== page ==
WARNING: The following article contains spoilers for Marvel's The Punisher, now streaming on Netflix.
At turns surprisingly nuanced and shockingly brutal, The Punisher is in many ways Marvel's best Netflix series to date, with performances by Jon Bernthal, Daniel Webber and Deborah Ann Woll that are deserving of awards recognition. The drama learned from the mistakes of its predecessors by slowly developing a secondary antagonist, rather that abruptly introducing him at the end of the second act, and largely avoided a midseason slump; it even delivered a consequential "road trip" episode.
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However, there's one decision that could've made The Punisher even better, and in the process drastically changed the stakes for the Netflix corner of the Marvel Cinematic Universe, and perhaps beyond: killing off protagonist Frank Castle.
Now, there are plenty of financial reasons for The Punisher to continue his bloody crusade against crime in effective perpetuity, not the least of which is Disney's planned branded streaming service, expected to launch in 2019: Reports indicate the new digital platform would be home to future Marvel series; however, those six dramas now on Netflix -- Daredevil, Jessica Jones, Luke Cage, Iron Fist, The Defenders and The Punisher -- along with any spinoffs, will apparently remain there. It just wouldn't make much business sense for Netflix to remove one of those marquee properties with few options for a replacement.
Creatively, however, the death of Frank Castle would've been daring yet true to a character arc that began with his introduction in Daredevil Season 2.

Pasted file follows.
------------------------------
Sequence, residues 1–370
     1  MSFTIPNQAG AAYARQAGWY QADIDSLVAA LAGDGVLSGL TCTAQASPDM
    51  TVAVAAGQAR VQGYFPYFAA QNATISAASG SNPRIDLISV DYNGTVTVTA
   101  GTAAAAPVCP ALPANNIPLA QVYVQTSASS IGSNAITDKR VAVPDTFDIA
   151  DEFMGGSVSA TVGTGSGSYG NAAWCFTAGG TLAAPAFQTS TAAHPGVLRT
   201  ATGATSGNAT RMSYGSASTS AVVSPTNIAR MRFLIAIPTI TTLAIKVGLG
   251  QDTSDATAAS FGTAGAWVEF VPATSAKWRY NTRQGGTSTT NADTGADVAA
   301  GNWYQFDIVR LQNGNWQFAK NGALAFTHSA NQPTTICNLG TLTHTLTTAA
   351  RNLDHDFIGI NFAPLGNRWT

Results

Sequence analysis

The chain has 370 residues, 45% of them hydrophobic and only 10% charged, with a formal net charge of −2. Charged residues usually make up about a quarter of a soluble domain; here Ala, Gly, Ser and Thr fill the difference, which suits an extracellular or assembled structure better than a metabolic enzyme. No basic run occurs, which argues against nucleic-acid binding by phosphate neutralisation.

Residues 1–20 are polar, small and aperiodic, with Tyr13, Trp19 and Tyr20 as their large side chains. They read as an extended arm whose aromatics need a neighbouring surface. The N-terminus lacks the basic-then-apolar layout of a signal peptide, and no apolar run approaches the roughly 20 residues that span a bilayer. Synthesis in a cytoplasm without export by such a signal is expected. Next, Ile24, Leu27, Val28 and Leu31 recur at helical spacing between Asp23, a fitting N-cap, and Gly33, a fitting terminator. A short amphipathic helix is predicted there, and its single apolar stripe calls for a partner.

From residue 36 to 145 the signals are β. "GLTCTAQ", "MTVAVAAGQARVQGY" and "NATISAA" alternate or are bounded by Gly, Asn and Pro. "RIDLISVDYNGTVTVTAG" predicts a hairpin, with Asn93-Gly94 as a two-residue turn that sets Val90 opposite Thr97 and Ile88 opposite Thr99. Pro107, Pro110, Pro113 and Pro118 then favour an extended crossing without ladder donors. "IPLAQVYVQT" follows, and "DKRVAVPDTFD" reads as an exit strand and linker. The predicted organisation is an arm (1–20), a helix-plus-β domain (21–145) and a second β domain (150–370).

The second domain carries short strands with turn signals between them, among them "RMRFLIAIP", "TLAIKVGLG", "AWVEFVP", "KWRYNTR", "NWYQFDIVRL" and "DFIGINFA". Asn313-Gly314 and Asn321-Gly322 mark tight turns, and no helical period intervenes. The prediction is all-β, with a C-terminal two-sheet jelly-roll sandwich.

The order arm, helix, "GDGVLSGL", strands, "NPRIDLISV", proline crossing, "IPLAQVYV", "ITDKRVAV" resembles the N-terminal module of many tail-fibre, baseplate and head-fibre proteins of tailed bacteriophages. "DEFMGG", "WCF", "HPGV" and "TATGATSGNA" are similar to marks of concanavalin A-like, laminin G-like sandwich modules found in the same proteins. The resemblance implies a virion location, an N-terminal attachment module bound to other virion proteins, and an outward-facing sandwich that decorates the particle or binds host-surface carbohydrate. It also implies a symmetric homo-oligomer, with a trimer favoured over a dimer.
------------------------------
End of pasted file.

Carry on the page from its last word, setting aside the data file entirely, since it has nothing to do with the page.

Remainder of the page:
The Castle we met in 2016 was a Marine who waged a one-man war against the Kitchen Irish, the Dogs of Hell and a Mexican Cartel to avenge his wife and two children, who were murdered when they were caught in a gunfight between the rival gangs in Central Park. As the season unfolded, it was revealed the massacre was the result of a botched police sting intended to capture the mysterious drug lord the Blacksmith, who turned out to be Castle's former commanding officer Col. Ray Schoonover (Clancy Brown). Castle seemingly completed that crusade in the opening moments of The Punisher, in a montage that showed him hunting down the last remaining members of each gang before burning his skull-emblazoned flak jacket and settling into a life of anonymity, hard labor and nightmares.
Of course, if that truly had been the end of The Punisher's war on crime, it would've been the shortest Netflix series ever. Instead, he's drawn back in by the revelation that the Massacre at Central Park wasn't a matter of he and his family being in the wrong place at the wrong time, or even a police operation gone horribly awry. No, it was part of a conspiracy orchestrated by CIA veteran William Rawlins (aka "Agent Orange," played by Paul Schulze) to disguise the intended assassination of Frank Castle as part an effort to cover up an illegal covert CIA operation in Afghanistan -- funded by the heroin trade -- in which Castle, his best friend Billy Russo (Ben Barnes) and others tracked down, interrogated and executed "high-value targets." There are plenty of other details, including an incriminating video of Castle following Rawlins' order to execute an Afghanistan National Police officer, that make for an engrossing storyline, but what's pertinent here is that the targets shift, but The Punisher's task remains the same: to kill those responsible for the deaths of his wife and children.